One of the movies that is hitting Hall H this year among the big superhero/monster stomping movies is the relatively smaller budgeted, but none less hyped, Quentin Tarantino slavery epic: Django Unchained.
Tarantino was joined at Comic-Con today by cast members Jamie Foxx, Christoph Waltz, Kerry Washington and Walton Goggins, who all took part in promoting the upcoming film.
One element the crowd were very keen on knowing about was the film’s controversial subject matter. I myself had some issues with the trailer, which seemed to be taking a very pastiche method of telling a tale about one of the most gruesome periods of American history. The cast and Tarantino were very aware of this and said that it will turn a few heads.
Tarantino’s way around it was exploring the film as entirely a work of genre, half jokingly saying it was a prequel of sorts to Shaft, but he also commented upon the melding of Spaghetti Western and the slave narrative (which is normally a narrative in novels):
Since spaghetti westerns have always been my favourite, I always thought it would be in the universe of spaghetti… The germ of the whole idea was a slave who becomes a bounty hunter. From that point on, it became a love story, but that initial idea was a slave who becomes a bounty hunter and hunts white men. Before the civil war. You can’t be more surrealistic than it was in real life.
It was [frick]ed. Up. It was bad and frankly it’s surrealistic – it’s unimaginable to think of the pain and the suffering that went on in this country. Hence making it perfect for a spaghetti western adaptation.
I didn’t do a movie about a slave. The character starts off as a slave. I was interested in a slave narrative. To me one of the fun things about telling the story was to take the western genre we know so well and place it in the antebellum south and place a black character in it. So take the western cliches and place them in the south.
What Tarantino is intimating here is, that like Kill Bill or indeed Jackie Brown, it becomes a narrative of revenge where someone in a weaker societal position becomes empowered. This was echoed in what Jamie Foxx had to say:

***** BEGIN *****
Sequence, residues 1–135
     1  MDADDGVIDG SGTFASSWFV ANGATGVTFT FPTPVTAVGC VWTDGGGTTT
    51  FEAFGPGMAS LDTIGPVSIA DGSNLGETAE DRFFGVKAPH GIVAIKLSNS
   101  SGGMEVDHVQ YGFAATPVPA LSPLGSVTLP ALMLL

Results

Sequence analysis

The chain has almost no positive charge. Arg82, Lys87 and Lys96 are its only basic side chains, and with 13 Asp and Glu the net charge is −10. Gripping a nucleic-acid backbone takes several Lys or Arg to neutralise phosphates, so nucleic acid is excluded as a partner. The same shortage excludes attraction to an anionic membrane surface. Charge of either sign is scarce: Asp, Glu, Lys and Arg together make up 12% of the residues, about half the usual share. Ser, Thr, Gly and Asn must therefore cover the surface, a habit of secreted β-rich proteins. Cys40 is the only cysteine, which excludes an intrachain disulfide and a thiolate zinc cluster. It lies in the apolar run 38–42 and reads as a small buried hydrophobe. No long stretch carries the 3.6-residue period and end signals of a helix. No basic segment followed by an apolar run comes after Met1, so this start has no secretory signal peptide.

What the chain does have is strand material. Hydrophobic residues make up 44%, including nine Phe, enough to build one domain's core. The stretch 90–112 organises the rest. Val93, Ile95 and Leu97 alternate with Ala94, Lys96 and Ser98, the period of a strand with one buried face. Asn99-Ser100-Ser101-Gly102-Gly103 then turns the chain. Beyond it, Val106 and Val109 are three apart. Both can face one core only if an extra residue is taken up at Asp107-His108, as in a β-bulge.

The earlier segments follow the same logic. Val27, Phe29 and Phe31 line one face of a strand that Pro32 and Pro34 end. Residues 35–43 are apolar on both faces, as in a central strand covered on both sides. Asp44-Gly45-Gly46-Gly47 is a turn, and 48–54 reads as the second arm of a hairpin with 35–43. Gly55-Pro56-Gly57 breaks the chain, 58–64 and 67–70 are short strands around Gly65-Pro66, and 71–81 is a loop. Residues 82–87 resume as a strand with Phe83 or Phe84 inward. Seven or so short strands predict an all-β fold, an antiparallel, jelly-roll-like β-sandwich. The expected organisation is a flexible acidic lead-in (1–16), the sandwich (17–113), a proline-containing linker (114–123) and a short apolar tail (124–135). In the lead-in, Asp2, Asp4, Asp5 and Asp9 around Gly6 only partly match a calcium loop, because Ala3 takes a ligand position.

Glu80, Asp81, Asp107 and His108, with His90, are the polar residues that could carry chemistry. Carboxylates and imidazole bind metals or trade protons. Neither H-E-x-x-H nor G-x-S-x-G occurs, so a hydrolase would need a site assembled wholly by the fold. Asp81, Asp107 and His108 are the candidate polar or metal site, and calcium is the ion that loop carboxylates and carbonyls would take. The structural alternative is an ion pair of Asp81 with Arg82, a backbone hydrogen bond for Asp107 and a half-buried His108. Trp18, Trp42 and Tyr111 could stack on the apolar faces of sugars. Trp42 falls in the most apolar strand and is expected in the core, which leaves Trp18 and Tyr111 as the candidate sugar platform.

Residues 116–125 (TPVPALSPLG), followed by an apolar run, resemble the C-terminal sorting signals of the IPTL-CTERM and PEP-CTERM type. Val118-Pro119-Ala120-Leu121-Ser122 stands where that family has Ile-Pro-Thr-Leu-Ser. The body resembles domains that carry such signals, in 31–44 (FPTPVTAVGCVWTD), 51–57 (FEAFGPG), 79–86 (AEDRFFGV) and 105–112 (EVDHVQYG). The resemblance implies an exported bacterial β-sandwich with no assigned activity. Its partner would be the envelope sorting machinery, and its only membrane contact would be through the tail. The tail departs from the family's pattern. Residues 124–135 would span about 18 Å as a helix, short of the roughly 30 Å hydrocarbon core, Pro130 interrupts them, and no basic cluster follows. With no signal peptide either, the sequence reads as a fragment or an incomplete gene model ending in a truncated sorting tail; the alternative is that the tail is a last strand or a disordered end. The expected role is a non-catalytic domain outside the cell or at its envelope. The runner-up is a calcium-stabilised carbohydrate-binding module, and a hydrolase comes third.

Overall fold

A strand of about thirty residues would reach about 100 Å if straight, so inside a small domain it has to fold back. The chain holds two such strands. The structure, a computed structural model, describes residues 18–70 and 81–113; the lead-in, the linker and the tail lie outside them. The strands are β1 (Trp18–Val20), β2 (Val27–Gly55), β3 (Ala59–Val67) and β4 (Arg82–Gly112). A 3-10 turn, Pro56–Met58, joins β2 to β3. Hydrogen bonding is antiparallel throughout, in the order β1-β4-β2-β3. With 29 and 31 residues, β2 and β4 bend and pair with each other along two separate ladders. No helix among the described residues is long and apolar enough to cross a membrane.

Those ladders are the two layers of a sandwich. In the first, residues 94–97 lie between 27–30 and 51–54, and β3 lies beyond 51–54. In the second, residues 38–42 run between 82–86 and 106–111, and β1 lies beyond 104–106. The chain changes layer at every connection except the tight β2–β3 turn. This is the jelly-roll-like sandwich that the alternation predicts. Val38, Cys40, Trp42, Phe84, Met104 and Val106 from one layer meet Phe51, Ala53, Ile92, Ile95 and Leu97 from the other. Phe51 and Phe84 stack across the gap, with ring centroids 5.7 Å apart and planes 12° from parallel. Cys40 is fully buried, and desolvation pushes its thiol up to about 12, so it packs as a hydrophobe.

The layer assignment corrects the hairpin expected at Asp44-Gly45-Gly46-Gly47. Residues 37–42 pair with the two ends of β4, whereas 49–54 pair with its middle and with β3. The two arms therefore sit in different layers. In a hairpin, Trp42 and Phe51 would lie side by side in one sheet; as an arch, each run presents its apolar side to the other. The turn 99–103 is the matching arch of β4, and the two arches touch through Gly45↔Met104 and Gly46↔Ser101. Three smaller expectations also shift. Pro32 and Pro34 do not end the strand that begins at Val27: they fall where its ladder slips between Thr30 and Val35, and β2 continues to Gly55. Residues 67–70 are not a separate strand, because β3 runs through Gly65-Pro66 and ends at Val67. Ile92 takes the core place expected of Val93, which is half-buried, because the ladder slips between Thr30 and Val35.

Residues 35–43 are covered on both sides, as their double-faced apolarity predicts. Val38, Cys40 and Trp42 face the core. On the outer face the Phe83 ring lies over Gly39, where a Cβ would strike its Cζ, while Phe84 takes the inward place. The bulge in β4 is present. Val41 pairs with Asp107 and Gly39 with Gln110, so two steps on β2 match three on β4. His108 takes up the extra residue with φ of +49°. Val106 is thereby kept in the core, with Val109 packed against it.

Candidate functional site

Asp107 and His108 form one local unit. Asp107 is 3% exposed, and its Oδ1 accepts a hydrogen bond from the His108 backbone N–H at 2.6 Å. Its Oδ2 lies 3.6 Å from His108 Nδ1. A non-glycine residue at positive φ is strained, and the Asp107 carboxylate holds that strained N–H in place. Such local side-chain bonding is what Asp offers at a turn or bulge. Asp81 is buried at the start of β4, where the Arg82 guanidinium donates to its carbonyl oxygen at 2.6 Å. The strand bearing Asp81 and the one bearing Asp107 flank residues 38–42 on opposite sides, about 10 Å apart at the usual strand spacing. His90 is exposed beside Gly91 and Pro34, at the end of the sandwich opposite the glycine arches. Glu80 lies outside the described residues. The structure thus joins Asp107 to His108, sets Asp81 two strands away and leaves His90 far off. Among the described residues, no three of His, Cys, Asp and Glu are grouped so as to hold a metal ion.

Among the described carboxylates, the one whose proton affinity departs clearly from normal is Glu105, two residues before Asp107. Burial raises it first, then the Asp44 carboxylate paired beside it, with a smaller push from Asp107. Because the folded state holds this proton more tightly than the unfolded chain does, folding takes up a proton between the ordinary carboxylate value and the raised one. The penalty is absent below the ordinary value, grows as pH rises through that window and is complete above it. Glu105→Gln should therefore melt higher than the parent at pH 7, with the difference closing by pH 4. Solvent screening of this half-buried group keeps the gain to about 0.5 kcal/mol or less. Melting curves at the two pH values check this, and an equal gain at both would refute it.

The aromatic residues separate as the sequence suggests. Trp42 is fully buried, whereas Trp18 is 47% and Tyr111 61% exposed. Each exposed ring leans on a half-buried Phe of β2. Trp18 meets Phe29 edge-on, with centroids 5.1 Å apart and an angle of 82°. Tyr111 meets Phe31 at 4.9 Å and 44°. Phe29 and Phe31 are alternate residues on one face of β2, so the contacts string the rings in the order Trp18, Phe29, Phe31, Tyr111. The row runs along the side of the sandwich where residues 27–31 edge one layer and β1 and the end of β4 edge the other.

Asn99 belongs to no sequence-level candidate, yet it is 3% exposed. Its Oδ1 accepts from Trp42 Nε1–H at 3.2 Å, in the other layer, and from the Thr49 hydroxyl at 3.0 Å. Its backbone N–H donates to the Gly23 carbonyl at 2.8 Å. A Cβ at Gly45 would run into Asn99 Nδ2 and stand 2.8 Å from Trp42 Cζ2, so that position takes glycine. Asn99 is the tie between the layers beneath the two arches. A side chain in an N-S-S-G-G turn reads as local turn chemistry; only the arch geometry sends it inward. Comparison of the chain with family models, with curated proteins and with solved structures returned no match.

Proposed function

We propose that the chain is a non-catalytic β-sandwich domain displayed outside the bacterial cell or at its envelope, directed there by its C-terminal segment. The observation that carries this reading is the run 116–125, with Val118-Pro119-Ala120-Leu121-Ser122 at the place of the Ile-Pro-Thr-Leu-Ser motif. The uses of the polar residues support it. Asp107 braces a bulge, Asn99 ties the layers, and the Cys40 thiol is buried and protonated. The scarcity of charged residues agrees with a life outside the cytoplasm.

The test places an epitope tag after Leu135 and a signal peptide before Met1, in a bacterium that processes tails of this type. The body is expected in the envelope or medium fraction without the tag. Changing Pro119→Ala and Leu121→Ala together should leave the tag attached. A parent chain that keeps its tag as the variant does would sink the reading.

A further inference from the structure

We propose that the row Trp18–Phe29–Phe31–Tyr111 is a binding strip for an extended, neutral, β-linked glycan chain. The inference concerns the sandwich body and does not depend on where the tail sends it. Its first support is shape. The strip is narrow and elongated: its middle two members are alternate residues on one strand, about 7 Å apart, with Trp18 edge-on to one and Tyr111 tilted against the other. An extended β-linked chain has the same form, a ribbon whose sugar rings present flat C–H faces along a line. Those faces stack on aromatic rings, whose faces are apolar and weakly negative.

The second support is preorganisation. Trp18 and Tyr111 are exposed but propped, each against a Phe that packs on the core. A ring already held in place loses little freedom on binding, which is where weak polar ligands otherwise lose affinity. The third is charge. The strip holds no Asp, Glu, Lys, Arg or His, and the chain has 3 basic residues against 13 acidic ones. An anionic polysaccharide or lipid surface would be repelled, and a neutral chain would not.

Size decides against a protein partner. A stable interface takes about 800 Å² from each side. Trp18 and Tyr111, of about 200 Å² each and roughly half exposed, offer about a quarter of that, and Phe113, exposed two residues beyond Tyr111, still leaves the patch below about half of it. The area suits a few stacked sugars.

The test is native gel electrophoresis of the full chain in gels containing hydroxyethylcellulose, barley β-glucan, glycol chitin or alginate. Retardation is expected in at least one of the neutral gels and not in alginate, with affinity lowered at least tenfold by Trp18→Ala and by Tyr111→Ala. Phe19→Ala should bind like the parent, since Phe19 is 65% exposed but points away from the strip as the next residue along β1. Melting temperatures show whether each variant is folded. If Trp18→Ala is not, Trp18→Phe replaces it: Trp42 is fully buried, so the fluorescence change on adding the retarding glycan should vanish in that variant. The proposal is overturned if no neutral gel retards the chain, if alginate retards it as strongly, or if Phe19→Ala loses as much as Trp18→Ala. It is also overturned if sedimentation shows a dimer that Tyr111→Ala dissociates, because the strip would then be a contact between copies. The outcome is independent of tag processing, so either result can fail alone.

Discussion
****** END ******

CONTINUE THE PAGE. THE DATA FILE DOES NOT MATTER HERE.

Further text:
With Tarantino you expect a different ball game. The script alone was blazing through Hollywood before it even got going. You expect that from him, and actually when we started shooting it, it didn’t fall away but you watched Quentin putting together this fantastic film with fantastic people…
When you’re introduced to Django you see him on a chain gang being lead from Mississippi to Texas. When we start, he’s sixth from the seventh on the left in the chain gang. He needs to get to that point from nothing.
Tarantino also leaked a few details on the casting. Both Sacha Baron Cohen and Kurt Russell dropped out and Jonah Hill joined quite recently.
Well, contrary to popular belief, Hill will not be taking the role that Cohen vacated. That character was simply removed from the script (this has happened in the past on Tarantino films) and a new role was written, that of a pre-Ku Klux Klansman:
He’s in a sequence with Don [Johnson]. They’re not the KKK because that came about after the civil war to keep black folks in line, but the predecessors to the KKK was a group called The Regulators, who were there to keep slaves in line and terrorise them basically. It’s a regulator raid being led against Django and Schultz. It starts off like it’s going to be scary and intense, but then there’s this sequence that is the funniest thing I’ve ever written.
QT also had time to discuss the possibility of whether there would be a Kill Bill Vol. 3. The director still plans on making it, but it’s a long way off. He said it would have be a solid ten year gap, meaning the earliest we would have it or he would start working on would be 2014.
As for the 8 minutes of footage that was screened, it got a strong reaction from the crowd, elevating already high expectations for Django Unchained when it hits cinemas on Christmas Day. 2